Logic. (System of phil., 1). (Google eBook)

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Contents

CHAPTER I
10
Which may be called an act of objectification
11
In the specific forms of the parts of speech
12
Relation of substantive verb adjective to substance event property
13
Relation of thought to its linguistic expression
14
The other parts of speech Prepositions and conjunctions
15
Judgment not rightly treated in pure logic before conception
17
B Position distinction and comparison of the matter of simple ideas 9 Further reaction of thought in positing distinguishing and comparing ideas
18
Position practically inseparable fromobjectification 3
19
lisation
20
Such a view ignores the tme logical import of the act
21
Comparison implies a universal this not a universalconcept
22
Like all universals it is not strictly an idea
23
Distinction of instances of a universal implies idea of more and less
24
Also those of unity and multiplicity and greatness and smallness
25
In the operations of B as compared with those of A thought may be called receptive
26
its various forms
28
The form of conception implies the idea of a ground iar the synthesis 2y 22 Comparison of different instances and observation of the same instance u...
30
Abstraction involved in comparison does not mean mere omission of differences
31
The formation of the second universal logical concept implies the first 5 14
34
Marks not merely coordinated but also mutually determined in a concept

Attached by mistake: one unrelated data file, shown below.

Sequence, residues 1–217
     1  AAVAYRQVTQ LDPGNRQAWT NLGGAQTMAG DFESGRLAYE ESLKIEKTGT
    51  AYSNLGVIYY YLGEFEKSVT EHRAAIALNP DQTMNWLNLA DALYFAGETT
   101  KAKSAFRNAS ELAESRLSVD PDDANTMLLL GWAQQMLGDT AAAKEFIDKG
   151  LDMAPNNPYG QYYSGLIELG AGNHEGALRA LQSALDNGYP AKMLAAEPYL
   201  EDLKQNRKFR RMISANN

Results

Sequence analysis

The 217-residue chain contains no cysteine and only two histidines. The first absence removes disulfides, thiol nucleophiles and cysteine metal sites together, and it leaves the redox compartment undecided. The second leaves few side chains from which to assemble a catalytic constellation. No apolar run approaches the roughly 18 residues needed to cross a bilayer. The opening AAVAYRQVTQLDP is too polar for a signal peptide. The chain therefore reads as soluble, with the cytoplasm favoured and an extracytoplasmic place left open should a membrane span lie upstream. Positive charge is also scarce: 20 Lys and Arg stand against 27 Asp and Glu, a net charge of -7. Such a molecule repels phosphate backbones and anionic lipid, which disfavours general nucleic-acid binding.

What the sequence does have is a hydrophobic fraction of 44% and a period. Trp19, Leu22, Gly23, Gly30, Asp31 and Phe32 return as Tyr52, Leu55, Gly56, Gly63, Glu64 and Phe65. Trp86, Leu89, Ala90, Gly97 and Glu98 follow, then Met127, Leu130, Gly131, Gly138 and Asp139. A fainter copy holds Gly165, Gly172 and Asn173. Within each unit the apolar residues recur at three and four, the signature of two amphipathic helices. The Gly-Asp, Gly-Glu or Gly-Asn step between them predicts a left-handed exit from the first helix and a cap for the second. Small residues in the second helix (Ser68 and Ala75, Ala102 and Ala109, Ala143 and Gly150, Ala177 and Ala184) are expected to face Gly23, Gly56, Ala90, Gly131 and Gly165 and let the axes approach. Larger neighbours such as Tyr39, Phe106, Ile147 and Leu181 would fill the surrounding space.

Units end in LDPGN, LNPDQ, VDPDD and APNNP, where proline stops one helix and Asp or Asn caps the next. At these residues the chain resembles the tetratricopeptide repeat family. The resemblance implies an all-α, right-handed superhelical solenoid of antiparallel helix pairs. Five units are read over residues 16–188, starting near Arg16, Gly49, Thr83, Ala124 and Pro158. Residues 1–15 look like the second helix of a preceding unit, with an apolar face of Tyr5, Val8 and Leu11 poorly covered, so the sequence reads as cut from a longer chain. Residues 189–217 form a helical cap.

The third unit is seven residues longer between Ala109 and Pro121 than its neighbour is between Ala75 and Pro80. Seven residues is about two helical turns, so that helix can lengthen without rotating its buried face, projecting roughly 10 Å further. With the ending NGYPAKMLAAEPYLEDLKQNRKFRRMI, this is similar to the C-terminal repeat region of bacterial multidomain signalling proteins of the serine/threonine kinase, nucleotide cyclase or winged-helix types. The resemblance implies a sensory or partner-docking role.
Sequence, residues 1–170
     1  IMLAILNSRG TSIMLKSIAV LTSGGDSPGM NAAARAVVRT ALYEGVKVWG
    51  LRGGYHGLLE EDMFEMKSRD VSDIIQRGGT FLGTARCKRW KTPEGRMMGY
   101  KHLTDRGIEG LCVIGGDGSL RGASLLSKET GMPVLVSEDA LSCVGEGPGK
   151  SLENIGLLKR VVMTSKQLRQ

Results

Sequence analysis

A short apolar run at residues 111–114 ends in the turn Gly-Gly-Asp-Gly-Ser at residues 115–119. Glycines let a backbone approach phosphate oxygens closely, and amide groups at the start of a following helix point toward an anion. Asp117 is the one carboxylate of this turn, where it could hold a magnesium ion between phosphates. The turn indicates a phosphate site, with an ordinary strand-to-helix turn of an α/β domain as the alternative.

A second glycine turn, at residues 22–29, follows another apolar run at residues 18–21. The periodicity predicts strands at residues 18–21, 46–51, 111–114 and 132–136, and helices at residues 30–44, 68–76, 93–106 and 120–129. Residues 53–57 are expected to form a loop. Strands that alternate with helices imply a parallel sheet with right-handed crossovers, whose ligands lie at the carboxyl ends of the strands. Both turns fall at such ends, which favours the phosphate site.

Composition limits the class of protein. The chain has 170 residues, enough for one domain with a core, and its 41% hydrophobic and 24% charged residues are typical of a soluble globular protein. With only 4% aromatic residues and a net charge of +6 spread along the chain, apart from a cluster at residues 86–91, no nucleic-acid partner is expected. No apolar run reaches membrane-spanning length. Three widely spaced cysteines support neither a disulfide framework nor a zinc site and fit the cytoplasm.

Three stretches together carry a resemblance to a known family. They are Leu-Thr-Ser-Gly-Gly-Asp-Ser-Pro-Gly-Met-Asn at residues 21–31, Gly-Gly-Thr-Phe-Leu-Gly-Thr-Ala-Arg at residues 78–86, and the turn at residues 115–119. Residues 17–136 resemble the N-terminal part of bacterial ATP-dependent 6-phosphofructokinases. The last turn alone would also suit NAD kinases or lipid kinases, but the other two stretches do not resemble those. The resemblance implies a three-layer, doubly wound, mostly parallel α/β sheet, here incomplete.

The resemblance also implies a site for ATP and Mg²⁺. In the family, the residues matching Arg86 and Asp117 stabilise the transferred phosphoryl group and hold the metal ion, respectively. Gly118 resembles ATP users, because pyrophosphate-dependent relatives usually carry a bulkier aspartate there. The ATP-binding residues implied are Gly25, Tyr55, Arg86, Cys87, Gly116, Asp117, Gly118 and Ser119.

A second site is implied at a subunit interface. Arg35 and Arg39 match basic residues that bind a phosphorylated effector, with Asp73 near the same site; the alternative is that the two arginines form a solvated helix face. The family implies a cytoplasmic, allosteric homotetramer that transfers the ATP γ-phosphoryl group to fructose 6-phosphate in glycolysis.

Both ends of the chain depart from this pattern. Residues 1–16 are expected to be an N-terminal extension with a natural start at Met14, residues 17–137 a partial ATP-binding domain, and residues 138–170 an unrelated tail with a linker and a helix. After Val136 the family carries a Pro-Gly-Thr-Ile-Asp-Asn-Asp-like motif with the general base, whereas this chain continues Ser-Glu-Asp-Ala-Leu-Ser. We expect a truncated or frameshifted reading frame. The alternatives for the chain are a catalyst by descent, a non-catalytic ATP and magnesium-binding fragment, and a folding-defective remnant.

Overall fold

35
Subordination of species to genus and subsumption of species and genus under a mark
36
Species a universal which can be imaged genus one which can only be formulated
37
Inverse ratio of content and extent how far true or important
38
differentia property accident
40
Idea of a complete system of concepts
41
Transition to the Form of the Judgment 34 Change makes such an idea unrealisable and leads from conception to judgment
42
CHAPTER II
44
This is indicated in the terms Subject Predicate and Copula
45
The logical sense of the copula is not affected by the quantity of the judgment
46
Nor by its quality
47
Nor by its modality as ordinarily understood
48
Tree apodeictic modality is found in the three forms of rtlation
49
Not of course that any form of judgment can guarantee its material truth
50
Socalled problematic judgments are not truly problematic nor are questions or prayers
51
The only true problematic modality is expressed by particular and singular judgments
52